Robredo favors tax exemptions over outright fuel excise tax suspension
DAVAO CITY — Vice President Leni Robredo has expressed openness to calls for tax exemptions amid high prices of oil products instead of outrightly suspending excise taxes, saying that the revenue-generating programs of the government should also be taken into consideration.
Robredo during the Kandidatalks forum hosted by GoNegosyo and OnePh aired on Friday explained that around P2 to 3 billion worth of revenue may be lost every month if the government suspends the excise taxes on fuel products.
However, with the rising oil prices, she said that the government may opt to be selective as to who can avail for tax exemptions, or what products can be exempted.
“Pagdating sa langis, kailangan nating desisyunan — marami ‘yong mga proposals, halimbawa, ang proposal ‘yong automatic suspension ng excise tax. ‘Pag nagsuspend ng excise tax ‘yong matatanggal sa cost ng langis ay mga 10 pesos per liter, malaki rin ‘yon,” Robredo said.
“Pero ang tanong, kaya ba nating saluhin ‘yong mawawala na revenues sa gobyerno? Ang tantsa, mga between P2 to 3 billion a month ‘yong mawawala na revenue sa gobyerno, saan natin ‘yon huhugutin?” she asked.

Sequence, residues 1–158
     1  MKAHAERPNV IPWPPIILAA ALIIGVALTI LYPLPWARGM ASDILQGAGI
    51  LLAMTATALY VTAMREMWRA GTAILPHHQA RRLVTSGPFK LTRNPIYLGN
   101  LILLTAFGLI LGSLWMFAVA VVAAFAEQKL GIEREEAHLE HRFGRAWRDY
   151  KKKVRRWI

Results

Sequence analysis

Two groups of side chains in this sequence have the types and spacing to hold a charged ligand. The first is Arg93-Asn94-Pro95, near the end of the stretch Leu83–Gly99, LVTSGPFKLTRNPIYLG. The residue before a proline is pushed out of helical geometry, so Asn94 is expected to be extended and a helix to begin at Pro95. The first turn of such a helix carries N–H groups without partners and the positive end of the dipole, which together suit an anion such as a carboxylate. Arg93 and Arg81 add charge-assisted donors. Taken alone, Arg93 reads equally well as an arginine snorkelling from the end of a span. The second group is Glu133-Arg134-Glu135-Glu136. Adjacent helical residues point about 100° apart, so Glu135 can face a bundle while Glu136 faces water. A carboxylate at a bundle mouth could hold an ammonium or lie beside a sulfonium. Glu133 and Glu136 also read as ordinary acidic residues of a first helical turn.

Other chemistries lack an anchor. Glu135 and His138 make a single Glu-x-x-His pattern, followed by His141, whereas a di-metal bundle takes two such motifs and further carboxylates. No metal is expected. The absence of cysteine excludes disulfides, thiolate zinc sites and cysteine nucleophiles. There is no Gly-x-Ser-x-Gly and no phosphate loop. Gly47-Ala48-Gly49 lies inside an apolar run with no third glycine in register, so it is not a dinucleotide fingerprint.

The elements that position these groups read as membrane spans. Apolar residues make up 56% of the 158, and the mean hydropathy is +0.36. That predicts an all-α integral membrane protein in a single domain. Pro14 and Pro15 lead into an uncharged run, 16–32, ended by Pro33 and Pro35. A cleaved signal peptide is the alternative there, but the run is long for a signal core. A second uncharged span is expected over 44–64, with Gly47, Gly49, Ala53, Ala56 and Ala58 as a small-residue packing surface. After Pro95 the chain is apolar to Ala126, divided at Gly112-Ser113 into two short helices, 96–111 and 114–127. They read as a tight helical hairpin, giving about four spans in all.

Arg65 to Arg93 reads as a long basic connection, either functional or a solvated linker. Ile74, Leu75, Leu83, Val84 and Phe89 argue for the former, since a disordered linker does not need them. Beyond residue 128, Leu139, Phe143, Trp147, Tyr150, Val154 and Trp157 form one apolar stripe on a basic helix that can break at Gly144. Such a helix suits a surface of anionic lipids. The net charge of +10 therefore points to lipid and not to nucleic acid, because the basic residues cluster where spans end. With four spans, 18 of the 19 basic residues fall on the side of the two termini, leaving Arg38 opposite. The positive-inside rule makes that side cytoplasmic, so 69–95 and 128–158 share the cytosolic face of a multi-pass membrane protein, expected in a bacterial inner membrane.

Under a socialized suspension of excise taxes, fuel products generally used by the public — like diesel, which is a staple in public transport and pieces of machinery used for farming and fishing — may see a suspension in excise taxes.
However, gasoline products that most private cars use will see no excise tax suspension. But that would also mean that most taxi cabs using gasoline would not get any reprieve except for a possible social aid.
Robredo however said that making decisions on these issues is always a balancing act — to ensure that the majority of Filipinos would benefit from the government’s policies.
“Meron ding proposal na maging socialized ‘yong exemption sa tax — halimbawa ‘yong gasolina, kasi mas mayayaman ‘yong nagagamit ng gasolina, ay ‘yong ‘yong i-tax more. Halimbawa ‘yong mas mahihirap, ‘yong gumagamit ng kerosene o ng diesel, dapat mas maliit din ‘yong taxation sa kanila,” she said.
“So ang daming decision points na kailangan nang gawin ngayon, parati naman siyang balancing act eh. Parati siyang balancing act kasi number one ‘yong gusto natin, ano ‘yong pinaka-magaan para sa mga kababayan natin. Pangalawa kailangan din natin i-take into consideration ‘yong kailangan na revenues ng gobyerno,” she added.
Since the Russia-Ukraine conflict in February, oil prices in the country have soared, with prices in some pump stations during the second week of March reaching over P80 per liter for both diesel and gasoline.
Oil prices have subsided since last Tuesday, but they still roam between P65 to P75 per liter — higher compared to prices last December 2021.
The Department of Finance shot down proposals to suspend excise taxes for all fuel products, offering instead a P200 monthly aid to poor families in the country. However, several groups and candidates for the 2022 national elections claimed that such a subsidy — which may not be worth four liters of fuel — is not enough.
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